- Follow-up visit from clergy or laity
- Invitation to join a social group or faith discussion/bible study group
- People extend hospitality and invite them to meals
- Invitation to take up a task or ministry
- Course for new Christians / orientation program
The fourth trend is an increase in acts of service. This trend is clear across both Catholic and Protestant churches where members are more likely to be involved in informal acts of service and church-based acts of service. Informal acts of service include lending money, caring for the sick, helping someone in a personal crisis, visiting a person in hospital, giving away possessions, donating money and contacting members of parliament.
What the survey results cannot tell us is whether this increased busyness is feeding the consumer culture in our parishes or opening up avenues for conversations that lead to discipleship. Is it a case of 'look busy, Jesus is coming'?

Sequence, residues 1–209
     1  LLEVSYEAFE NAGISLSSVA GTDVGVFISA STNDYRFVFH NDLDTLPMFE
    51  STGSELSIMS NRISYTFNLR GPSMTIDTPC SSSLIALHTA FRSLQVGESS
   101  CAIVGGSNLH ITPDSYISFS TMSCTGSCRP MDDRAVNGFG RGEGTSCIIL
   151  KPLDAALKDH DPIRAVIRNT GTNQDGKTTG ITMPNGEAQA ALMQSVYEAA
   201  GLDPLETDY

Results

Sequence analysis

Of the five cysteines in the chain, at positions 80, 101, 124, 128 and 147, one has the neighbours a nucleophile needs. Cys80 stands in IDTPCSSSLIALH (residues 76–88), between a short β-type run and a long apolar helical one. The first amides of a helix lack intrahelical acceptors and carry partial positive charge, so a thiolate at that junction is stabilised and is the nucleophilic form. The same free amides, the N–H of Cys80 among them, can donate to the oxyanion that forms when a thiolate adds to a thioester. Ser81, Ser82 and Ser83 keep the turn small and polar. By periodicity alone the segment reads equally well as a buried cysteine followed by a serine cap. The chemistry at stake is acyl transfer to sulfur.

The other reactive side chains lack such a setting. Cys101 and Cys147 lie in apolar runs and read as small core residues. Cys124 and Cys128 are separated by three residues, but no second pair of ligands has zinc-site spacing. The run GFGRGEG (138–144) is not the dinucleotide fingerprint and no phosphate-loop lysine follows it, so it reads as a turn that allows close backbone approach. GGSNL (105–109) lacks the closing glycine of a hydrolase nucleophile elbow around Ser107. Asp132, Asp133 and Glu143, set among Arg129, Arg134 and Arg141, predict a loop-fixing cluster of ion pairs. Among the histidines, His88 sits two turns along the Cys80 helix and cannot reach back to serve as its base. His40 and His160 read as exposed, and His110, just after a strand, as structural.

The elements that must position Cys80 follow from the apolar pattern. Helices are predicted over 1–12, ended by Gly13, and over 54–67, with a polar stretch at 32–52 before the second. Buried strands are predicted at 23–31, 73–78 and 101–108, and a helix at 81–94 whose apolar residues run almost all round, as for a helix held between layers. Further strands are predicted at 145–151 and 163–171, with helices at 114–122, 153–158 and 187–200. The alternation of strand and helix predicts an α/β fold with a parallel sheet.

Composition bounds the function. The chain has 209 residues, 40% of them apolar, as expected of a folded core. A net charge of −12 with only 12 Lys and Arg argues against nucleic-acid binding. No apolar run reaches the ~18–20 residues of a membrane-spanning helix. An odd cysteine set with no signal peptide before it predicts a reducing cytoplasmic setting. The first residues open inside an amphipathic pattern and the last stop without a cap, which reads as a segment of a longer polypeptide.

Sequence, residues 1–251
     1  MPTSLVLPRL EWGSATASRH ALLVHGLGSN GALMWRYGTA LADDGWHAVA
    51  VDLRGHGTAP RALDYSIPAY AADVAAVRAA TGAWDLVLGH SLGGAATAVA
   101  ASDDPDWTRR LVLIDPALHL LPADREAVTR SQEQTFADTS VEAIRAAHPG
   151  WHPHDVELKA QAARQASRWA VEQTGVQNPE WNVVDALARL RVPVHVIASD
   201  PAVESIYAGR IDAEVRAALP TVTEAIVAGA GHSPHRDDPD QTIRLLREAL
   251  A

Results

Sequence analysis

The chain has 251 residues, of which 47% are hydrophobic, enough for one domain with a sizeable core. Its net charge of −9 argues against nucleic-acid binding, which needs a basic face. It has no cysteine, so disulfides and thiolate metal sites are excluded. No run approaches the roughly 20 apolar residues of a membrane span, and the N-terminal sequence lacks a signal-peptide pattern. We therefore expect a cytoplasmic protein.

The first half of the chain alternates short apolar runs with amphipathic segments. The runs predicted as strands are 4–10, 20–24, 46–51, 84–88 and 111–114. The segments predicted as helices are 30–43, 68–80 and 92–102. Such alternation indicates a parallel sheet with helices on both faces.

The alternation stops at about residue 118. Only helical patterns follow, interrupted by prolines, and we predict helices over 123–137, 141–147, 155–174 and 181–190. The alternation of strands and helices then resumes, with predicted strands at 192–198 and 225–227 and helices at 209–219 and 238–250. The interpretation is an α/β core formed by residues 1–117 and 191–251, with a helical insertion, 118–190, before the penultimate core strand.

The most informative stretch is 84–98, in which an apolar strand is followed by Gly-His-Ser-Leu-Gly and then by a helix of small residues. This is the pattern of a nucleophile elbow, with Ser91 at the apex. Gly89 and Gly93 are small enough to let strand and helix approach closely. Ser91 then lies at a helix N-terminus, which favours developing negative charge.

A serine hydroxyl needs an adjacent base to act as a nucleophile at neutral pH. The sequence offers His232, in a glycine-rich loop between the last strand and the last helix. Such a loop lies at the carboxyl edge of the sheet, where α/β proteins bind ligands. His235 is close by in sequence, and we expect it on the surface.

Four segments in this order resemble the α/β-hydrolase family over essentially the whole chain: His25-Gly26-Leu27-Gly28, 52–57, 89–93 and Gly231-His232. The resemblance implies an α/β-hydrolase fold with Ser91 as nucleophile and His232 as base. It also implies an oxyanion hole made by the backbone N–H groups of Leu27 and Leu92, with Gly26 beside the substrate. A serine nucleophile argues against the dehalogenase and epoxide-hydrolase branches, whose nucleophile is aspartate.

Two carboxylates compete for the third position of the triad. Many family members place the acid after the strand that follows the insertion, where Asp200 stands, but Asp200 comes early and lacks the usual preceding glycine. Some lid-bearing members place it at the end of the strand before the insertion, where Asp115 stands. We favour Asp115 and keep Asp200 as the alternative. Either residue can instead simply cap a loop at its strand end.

These acts of service certainly build bridges between the parishes and the community, but it is worthwhile doing it strategically. For example, why start your own soup kitchen / help for new immigrant service etc when you could join your efforts to the church down the road that has already got a similar initiative up and running?
Then there are many works of church based service that function like non-government organisations and never tell people the reason they serve is because the love of God impels them to. The way forward requires an integration of both words and works, since we know from experience that 'word only' and 'deeds only' doesn't work. A way forward is to get better at testifying to the reasons why we act in Christian service.